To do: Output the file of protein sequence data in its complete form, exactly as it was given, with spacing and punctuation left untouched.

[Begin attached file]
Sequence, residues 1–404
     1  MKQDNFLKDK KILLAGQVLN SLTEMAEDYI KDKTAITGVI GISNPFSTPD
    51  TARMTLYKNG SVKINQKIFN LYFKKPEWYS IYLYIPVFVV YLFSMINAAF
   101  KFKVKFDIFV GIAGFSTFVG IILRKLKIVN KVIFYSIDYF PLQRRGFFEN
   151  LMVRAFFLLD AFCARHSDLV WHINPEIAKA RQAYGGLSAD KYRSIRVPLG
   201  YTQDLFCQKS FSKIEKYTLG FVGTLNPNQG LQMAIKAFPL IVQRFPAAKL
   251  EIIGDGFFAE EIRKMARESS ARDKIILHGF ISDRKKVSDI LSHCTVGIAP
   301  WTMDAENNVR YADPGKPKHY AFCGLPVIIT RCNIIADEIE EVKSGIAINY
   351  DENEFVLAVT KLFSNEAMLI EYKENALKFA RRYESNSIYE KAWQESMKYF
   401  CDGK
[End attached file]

Sequence, residues 1–404
     1  MKQDNFLKDK KILLAGQVLN SLTEMAEDYI KDKTAITGVI GISNPFSTPD
    51  TARMTLYKNG SVKINQKIFN LYFKKPEWYS IYLYIPVFVV YLFSMINAAF
   101  KFKVKFDIFV GIAGFSTFVG IILRKLKIVN KVIFYSIDYF PLQRRGFFEN
   151  LMVRAFFLLD AFCARHSDLV WHINPEIAKA RQAYGGLSAD KYRSIRVPLG
   201  YTQDLFCQKS FSKIEKYTLG FVGTLNPNQG LQMAIKAFPL IVQRFPAAKL
   251  EIIGDGFFAE EIRKMARESS ARDKIILHGF ISDRKKVSDI LSHCTVGIAP
   301  WTMDAENNVR YADPGKPKHY AFCGLPVIIT RCNIIADEIE EVKSGIAINY
   351  DENEFVLAVT KLFSNEAMLI EYKENALKFA RRYESNSIYE KAWQESMKYF
   401  CDGK